What we do matters! It matters to our brothers and sisters, and it matters to God. Many people, you see, believe that God is untouched by the world, existing in glorious perfection, unsullied
by the brokenness of life. James thinks otherwise: God hears our prayers, feels our pain, and experiences our joy. Our spiritual lives are not just about our relationship to God; they are about
our relationship to our neighbors, near and far. James asserts that if you want to love God, you need to love God’s creatures. Our sins matter because they involve turning away from our neighbor as well as turning away from God. God is not outside the world, aloof, and unaffected by what goes on; God is the one to whom all hearts are open and all desires known. Accordingly, our ethical life, here on earth, centers around one thing: doing something beautiful for God, as Mother Teresa proclaims, by doing something beautiful for our neighbor. Will we give God a beautiful world – with happy families, enough food on every table, the opportunity to do good work and serve the community, or will we give God an ugly world of starving children, homeless families, vanishing species, and melting polar ice caps? Still, although God feels the pain of the world, God can survive our apathy and injustice; our neighbor cannot. In the spirit of Jesus’ words from the Sermon on the Mount, our neighbor is “God with skin,” living or dying as a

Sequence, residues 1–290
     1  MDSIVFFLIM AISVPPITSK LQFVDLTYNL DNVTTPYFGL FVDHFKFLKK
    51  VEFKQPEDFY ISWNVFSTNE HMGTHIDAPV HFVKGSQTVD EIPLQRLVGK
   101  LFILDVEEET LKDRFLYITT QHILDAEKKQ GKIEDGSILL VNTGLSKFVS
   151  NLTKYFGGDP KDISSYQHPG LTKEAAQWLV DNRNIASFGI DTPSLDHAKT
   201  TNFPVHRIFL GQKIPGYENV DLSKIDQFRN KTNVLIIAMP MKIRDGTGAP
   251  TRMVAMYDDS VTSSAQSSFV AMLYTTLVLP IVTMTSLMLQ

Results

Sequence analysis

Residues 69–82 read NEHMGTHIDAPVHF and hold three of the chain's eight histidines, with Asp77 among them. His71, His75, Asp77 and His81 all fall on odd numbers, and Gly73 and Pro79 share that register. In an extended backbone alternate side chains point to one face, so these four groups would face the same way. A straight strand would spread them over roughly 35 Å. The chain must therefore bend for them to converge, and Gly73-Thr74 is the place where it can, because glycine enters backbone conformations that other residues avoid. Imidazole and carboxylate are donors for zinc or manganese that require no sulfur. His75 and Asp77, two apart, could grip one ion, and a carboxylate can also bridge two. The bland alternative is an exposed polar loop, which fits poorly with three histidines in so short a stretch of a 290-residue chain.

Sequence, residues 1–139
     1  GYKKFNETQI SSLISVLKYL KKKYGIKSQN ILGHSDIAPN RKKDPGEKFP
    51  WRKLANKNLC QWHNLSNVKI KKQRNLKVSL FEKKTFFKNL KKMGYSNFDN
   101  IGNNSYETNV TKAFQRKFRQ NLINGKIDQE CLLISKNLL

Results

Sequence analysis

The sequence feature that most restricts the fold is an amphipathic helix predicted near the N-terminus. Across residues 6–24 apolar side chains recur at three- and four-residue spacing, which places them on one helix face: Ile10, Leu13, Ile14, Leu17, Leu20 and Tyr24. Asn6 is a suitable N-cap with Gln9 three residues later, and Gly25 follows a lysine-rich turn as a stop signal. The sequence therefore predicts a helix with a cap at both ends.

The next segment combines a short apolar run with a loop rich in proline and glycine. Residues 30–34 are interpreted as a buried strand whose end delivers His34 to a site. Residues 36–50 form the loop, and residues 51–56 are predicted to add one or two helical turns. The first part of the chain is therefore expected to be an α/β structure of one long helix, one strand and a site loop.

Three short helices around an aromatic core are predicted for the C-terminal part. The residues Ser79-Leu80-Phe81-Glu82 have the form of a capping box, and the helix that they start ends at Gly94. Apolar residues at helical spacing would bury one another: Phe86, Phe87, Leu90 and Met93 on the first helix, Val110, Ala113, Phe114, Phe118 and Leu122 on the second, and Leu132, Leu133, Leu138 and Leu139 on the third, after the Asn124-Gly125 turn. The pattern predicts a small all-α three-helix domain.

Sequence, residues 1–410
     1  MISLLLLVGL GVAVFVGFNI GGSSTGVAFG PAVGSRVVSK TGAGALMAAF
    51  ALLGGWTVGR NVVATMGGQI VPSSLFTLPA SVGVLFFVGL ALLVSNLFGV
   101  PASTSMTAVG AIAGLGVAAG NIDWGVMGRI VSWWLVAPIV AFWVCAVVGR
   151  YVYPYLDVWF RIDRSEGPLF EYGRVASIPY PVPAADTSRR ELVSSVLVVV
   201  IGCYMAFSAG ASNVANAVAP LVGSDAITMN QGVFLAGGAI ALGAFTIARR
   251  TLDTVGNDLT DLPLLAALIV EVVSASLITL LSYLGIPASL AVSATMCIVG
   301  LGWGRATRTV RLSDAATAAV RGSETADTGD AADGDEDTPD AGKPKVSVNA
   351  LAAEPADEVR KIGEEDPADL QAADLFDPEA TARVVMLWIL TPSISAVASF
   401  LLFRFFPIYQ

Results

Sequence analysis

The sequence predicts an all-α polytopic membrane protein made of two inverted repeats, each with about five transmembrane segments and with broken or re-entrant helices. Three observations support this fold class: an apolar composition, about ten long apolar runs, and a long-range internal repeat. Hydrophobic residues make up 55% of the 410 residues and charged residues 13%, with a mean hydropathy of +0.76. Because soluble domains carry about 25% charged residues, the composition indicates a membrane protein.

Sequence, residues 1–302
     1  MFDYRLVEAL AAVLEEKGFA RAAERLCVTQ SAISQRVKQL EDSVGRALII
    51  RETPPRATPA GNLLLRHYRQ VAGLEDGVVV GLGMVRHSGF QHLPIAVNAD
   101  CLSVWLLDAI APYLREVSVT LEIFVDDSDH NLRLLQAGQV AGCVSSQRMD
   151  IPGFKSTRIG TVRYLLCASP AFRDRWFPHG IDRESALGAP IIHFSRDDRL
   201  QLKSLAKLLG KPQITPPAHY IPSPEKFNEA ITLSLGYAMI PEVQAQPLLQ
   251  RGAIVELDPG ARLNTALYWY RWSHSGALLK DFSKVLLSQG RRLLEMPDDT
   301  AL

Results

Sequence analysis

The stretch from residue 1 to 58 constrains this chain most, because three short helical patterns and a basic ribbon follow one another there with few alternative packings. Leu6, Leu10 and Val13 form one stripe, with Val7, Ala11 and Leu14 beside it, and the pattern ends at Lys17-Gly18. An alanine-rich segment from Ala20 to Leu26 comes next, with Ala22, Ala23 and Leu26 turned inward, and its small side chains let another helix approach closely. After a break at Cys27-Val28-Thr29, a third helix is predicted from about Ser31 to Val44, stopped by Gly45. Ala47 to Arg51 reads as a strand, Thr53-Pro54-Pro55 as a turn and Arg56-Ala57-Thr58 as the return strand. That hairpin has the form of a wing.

result of our decisions and behaviors.
Loving Jesus means loving your neighbor. And if James is right, it means standing aloof and becoming counter-cultural in relation to socially-acceptable, but life-destroying, values – “being
unstained by the world” – that put profits ahead of people, neglect the needy, and blame the poor for their poverty. We are all created in the image of God and we all deserve to be loved, to have a place to call home, and an opportunity to live out our gifts and talents as God’s beloved daughters and sons.
In the Jewish tradition, it is said that “if you save one soul, you save the world.” I believe that this is the best way to read Jesus’ parable of the lost sheep: the shepherd goes out on the darkest
night, searching tirelessly until the lost sheep is found, not just to save the one lost sheep, but to bring healing and wholeness to the ninety nine in the sheepfold. We all matter; we are all in this
together. As 1 Corinthians 12 proclaims, “If one member suffers, all suffer together; if one member is honored, all rejoice.”
Today, the body of Christ includes your congregation, but we must think bigger than our local community and neighborhood – it embraces the whole Earth, its people and its ecosystems; it reaches out to include the future of our unborn grandchildren and children as well as our next door neighbors and family members.